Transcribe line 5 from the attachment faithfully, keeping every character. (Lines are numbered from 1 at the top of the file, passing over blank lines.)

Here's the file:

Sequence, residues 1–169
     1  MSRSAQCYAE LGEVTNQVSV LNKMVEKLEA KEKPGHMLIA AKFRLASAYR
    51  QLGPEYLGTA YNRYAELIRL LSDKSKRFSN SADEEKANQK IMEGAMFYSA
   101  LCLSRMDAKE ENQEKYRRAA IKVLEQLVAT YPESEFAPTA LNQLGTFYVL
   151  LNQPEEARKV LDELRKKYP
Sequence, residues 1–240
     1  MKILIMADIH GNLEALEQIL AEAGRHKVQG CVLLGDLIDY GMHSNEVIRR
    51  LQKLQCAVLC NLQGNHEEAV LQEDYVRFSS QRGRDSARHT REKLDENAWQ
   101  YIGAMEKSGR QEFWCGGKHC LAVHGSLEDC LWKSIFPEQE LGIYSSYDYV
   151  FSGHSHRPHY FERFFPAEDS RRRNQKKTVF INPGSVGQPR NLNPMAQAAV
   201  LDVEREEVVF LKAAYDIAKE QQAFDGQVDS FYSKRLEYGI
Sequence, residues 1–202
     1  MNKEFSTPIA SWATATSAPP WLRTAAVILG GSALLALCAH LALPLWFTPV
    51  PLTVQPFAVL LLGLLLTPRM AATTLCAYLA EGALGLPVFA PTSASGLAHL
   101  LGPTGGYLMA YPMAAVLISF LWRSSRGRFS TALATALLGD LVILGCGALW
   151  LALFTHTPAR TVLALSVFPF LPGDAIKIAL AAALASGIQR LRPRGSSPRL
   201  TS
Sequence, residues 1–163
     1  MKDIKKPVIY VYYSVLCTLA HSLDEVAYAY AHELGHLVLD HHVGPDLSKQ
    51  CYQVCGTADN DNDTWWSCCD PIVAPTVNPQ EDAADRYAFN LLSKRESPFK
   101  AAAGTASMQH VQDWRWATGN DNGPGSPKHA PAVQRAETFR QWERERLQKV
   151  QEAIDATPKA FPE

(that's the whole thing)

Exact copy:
   151  LNQPEEARKV LDELRKKYP